Facebook is a content marketer’s dream. Gain a fan following at little or no cost, share news, videos, how-to information and much more to your audience. In social media, your audience does your work of sharing and evangelizing for you. Facebook has evolved and requires “pay-to-play” if you want your fans to see your posts. In my view, it’s completely acceptable for Facebook to say that if you want your post to float toward the top of a newsfeed for a day that you’ll need to spend a few bucks.

I pay for posts often for an organization with a vibrant social media presence. The Facebook promoted post budget isn’t huge, but over a year’s time it runs into the thousands of dollars.

The rules for including an image with a promoted post allows up to 20 percent of the image to contain text. Recently, one of my promoted posts was rejected because Facebook technology image scanners thought there was more than the 20 percent amount allowed. But with the human eye, it was apparent looking at the photo and text that we were not over the allowed amount of text. Surely Facebook would reconsider, I thought. My credit card was ready to be charged.

The only way I’ve found to contact Facebook is via an online form. So I filled one out, asking them to reconsider the image for my promoted post expecting a quick response. After all, it took them only about 15 minutes to reject the ad, so surely as an “always-on” social media platform with thousands of employees, someone will respond quickly. Well, it took nearly 24 hours to get a reply to my request. They agreed with me and approved it. But by that point, the timeliness of the news item had passed and myself, and our followers, had moved on.

But then another rejection happened a few days ago. This time, a photo of sheet music didn’t fly. The culprit? Apparently treble clefs, staffs and rests. Once again the rejection was in minutes. I immediately asked Facebook to reevaluate it, thinking that my prior experience of 24 hours for a reply may have been a fluke. It wasn’t. The reply to this second request came in at 1:51 AM the next day, more than 24 hours later, with an approval. But again, the news cycle for this event had ended.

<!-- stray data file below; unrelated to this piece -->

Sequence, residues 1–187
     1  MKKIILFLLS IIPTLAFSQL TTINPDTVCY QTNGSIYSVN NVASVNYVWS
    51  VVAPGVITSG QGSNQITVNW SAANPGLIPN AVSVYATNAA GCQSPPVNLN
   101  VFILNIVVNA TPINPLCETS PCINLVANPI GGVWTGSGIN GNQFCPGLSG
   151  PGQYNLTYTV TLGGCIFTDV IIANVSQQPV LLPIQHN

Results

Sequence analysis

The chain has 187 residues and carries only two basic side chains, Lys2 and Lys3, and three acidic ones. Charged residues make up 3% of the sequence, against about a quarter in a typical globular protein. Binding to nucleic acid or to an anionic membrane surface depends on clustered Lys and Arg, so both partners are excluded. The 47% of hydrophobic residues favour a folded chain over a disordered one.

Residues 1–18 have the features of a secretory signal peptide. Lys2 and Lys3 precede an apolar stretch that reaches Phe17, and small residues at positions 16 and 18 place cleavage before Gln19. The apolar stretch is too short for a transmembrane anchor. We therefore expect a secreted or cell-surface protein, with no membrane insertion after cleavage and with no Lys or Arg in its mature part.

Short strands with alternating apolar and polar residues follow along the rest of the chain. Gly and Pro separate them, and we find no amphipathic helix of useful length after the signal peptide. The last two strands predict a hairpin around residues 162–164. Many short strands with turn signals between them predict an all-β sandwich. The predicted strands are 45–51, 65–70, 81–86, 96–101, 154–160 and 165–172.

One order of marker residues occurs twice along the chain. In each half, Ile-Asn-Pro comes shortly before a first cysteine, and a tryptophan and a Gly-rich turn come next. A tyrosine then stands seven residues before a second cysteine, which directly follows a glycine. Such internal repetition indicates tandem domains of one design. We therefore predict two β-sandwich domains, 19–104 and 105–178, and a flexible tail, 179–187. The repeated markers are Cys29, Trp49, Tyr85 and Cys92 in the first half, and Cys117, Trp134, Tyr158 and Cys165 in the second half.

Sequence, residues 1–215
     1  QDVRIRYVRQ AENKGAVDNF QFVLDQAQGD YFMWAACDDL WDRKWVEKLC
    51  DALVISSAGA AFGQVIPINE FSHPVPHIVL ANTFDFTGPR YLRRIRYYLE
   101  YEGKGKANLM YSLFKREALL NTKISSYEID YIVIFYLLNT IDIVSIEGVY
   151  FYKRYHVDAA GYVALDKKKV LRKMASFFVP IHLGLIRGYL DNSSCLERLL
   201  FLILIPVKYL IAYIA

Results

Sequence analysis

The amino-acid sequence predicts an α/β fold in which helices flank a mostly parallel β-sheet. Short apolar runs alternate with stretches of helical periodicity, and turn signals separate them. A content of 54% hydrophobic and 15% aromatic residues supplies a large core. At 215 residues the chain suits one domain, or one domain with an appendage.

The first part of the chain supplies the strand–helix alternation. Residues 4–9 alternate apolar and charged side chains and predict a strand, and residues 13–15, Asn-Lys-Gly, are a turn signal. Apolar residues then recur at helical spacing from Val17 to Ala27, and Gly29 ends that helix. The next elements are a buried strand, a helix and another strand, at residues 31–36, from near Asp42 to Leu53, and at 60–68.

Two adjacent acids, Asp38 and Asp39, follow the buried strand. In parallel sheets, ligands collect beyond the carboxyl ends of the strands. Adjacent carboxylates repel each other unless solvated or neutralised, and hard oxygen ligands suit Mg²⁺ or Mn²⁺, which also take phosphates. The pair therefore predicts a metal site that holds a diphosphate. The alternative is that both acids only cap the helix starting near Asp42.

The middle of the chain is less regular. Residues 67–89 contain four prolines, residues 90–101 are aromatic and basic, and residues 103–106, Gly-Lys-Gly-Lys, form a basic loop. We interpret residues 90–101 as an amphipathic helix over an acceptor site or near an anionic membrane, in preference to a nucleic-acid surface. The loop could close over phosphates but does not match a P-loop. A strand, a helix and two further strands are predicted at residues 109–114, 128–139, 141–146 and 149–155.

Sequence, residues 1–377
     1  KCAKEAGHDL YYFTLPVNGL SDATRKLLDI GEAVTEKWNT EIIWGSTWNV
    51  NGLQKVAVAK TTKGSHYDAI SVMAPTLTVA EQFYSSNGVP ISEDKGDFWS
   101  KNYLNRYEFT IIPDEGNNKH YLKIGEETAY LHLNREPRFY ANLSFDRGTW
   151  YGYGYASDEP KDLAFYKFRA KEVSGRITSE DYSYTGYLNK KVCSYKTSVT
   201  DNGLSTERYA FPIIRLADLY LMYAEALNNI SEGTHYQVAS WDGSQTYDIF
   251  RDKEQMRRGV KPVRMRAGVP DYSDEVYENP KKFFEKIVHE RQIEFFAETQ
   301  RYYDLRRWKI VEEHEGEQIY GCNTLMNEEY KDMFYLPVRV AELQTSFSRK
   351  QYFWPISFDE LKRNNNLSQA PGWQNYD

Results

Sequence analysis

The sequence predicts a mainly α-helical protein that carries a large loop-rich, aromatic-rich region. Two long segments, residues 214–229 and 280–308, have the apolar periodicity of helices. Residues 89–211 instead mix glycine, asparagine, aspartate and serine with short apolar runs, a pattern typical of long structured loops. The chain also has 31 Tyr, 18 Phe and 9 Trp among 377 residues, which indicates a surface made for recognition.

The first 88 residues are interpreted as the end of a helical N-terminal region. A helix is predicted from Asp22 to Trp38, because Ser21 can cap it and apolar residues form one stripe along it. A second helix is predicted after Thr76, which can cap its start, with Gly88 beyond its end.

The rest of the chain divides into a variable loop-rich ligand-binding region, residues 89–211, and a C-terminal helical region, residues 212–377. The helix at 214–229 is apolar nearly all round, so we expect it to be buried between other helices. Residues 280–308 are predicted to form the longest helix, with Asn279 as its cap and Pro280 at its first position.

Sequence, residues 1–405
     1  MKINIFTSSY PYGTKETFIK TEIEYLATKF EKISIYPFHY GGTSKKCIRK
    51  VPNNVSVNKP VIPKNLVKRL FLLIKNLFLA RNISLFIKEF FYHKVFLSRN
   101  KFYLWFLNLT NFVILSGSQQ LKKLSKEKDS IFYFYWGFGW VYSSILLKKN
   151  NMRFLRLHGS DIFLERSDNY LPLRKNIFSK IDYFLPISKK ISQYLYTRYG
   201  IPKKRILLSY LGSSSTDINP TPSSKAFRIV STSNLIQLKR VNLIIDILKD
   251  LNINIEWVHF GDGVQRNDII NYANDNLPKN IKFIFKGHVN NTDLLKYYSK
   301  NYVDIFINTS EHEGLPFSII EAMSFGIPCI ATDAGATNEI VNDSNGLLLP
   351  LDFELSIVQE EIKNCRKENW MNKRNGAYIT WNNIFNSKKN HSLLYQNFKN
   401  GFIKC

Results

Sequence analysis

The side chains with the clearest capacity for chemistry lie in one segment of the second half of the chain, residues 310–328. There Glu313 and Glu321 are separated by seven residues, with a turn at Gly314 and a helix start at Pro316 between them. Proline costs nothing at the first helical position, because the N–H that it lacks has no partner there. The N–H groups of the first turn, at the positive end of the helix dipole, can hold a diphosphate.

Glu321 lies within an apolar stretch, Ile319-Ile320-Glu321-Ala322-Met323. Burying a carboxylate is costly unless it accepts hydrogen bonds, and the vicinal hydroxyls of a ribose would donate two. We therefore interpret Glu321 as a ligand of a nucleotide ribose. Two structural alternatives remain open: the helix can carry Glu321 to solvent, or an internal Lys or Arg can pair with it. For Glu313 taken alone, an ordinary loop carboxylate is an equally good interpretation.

Bottom line: Facebook customer service is pokey. They are leaving advertising money on the table with an apparently cumbersome internal review process.

Contrast Facebook with Google. I manage Google Adwords for another client with a respectable budget. Google has assigned a representative to me. We talk. They rotate representatives every few months so I get different points of view and ideas. And if I need to contact Google, they offer a phone number for me to call where I can actually talk with someone in just minutes, enabling the ads to continue without delay.

Facebook repels money. Google attracts money.

Bottom line points for marketers:

  1. Give the customer options, such as phone, online forms, chat and more to contact you.
  2. Don’t hide behind an online form. Sure, a call center may be more expensive to operate, but it’s surely less expensive than losing sales.
  3. Be responsive. If you decide an online form is less expensive than a call center, fine. But then make sure you have a customer service representative available 24/7 who can quickly answer customer questions.
  4. Remove internal bureaucracy. Sometimes movement is brought to a halt because the internal process is too cumbersome.

In an “always-on” digital age, customers can be impatient. And for goodness sakes, if your business is in technology, act fast! It’s expected.

Money loves speed.